Last week we brought you a brief overview of a new tracking book by Freddy Osuna, USMC (Ret). This is a guest article by the author of Index Tracking – Essential Guide to Trailing Man and Beast. In this article he talks briefly about the merging of traditional tracking and signcutting skills (visual track interpretation, such as instructed by the Scott Donelan Tracking School and now Greenside Training) and the proper use of optics, such as the groundbreaking techniques taught by Target Science’s John Morgando (and now Greenside Training).

Tracking With Optics

Freddy Osuna

As a trained observer in the Marine Corps I studied many aspects of visual perception in the last 10 plus years. I was intensely trained in advanced observation techniques in relation to Marine sniping & surveillance.  In my quest to become the ultimate “snoop-n-pooper,” and teacher of such skills I have been researching & training with two optics wizards, John Morgando, a big game hunter / guide, long range precision shooter, and optics research consultant. Also Lt Col. Jon Boyd, retired USAF F-117 and A-10 pilot, and weapons development, operational test, evaluation, and sustainment expert. The unique backgrounds and education of my associates has led to the “perfect storm” of collaboration.

In my quest to seek knowledge in everything related to visual perception I have also been a longtime student of visual tracking. My understanding in this particular subject is reflected in my book, Index Tracking — Essential Guide to Trailing Man and Beast. After developing what I believe to be a solid framework for my specific methods of visual tracking (which will continue to evolve), I decided that I would expand my studies to other facets of visual perception. This decision has led me to the subject of optical acuity.

There is tracking terrain, and then there is glassing terrain. If tracking is not an option because the ground and environment present unfavorable tracking conditions, or the ground and environment present a tactical advantage in the quarry’s favor, your next option in order to avoid chance contact is to pull back and conduct systematic optical surveillance of the area. Like tracking, optical surveillance is a fundamentals-based skill that requires repetitive practice to master its processes and maintain the skill.

I relate this skill to tracking because it is an extended view of the tracker’s eye. Although the observer is incorporating the use of equipment, he is still using the eye, the brain, and intuition to form his perception of the information collected. Think of it this way; the tracker interprets disturbances left behind by his prey in order to do three main things:

  1. To identify and acquire the last known point of the prey, or freshest trail.
  2. To maintain the trail in an efficient manner in order to close the gap between himself and the prey.
  3. To interpret ground sign into information relevant to his tracking task.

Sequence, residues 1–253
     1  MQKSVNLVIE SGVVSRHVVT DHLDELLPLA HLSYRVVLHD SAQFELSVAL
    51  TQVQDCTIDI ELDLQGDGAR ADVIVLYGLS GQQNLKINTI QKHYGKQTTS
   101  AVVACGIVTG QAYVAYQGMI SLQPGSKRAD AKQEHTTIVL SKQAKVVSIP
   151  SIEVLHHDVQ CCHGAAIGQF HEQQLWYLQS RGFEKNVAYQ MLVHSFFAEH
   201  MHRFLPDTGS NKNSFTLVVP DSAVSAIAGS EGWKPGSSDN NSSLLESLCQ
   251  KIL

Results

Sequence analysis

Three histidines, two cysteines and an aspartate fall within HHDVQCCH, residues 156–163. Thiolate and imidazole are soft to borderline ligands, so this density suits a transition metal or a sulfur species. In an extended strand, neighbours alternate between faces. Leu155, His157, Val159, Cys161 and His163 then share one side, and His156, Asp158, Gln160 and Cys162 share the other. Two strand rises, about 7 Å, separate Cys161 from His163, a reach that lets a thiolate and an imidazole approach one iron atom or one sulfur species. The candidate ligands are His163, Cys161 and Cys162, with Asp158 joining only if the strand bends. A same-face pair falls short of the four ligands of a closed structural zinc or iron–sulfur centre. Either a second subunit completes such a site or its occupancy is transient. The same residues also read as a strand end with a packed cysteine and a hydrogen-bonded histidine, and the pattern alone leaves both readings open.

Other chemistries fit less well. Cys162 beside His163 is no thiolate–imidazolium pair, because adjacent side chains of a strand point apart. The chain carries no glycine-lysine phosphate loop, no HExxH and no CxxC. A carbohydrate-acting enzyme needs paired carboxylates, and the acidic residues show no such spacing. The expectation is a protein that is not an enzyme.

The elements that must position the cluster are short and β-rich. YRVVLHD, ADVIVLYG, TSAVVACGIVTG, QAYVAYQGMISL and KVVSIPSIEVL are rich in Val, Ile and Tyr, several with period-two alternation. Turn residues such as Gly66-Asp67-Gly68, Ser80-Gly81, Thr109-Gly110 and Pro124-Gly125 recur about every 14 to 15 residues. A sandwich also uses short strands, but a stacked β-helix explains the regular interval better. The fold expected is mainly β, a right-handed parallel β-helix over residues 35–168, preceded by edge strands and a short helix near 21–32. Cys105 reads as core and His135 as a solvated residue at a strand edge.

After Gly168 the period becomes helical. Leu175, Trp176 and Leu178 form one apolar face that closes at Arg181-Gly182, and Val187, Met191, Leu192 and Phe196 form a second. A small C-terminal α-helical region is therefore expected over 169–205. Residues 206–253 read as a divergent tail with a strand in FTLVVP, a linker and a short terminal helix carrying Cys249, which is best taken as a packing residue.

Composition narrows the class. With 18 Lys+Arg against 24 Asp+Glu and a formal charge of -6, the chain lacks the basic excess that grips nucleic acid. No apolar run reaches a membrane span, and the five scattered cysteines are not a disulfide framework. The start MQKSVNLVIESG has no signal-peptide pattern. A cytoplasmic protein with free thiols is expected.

The observer behind a set of optics is also looking for indicators of sorts. But instead of a fresh toe dig or the regular symmetrical pattern of a boot, he is looking for shape recognition indicative of the quarry and his equipment. The standard for precision marksmanship in the U.S. Military is sub minute of angle accuracy up to 1,000 yards, meaning that at 100 yards a 3 round group will impact in a space smaller than one inch. At 1,000 yards a 3round group will impact in a space smaller than 10 inches. The standard for Systematic Optical Surveillance is 1 Minute of Angle (MOA) shape recognition accuracy. This means that at 2,000 yards a trained observer can positively identify a 20-inch shape, and so on.  On the battlefield, as well as in hunting, high visibility, less evasive targets are the first to be eliminated. What remains are the highly adaptive, low visibility, highly evasive targets. Through the methods taught in Systematic Optical Surveillance the operator can effectively confirm or deny the presence of highly evasive targets in multiple overlapping sectors at 200-300% greater distance and observe terrain 300-500% faster, while maintaining a high level of observation endurance ( 10 hrs plus ).

As a student and teacher of these innovative techniques I can say that Systematic Optical Surveillance should be taught to anyone who picks up a set of optics for work or recreation. If you can add tracking to this skill set you will be guaranteed to dominate your area of operation, night and day. These are the Learning objectives covered during a 5 day Systematic Optical Surveillance Course, taught by the innovative staff of Greenside Training.

 

  1. Maximizing visual acuity and optical performance
  2. Mitigating visual suppression
  3. Controlled optics scanning and detailed search
  4. Micro points scanning
  5. Long range surveillance
  6. Target distinctness
  7. Positive Identification (PID)
  8. Target acquisition alignment
  9. Maintaining observation endurance
  10. Tactical field craft and movement, optics selection, accessories, and maintenance

For more information, look at Greenside Training.

{ 15 comments… read them below or add one }

Leave a Comment

Previous post:

Next post: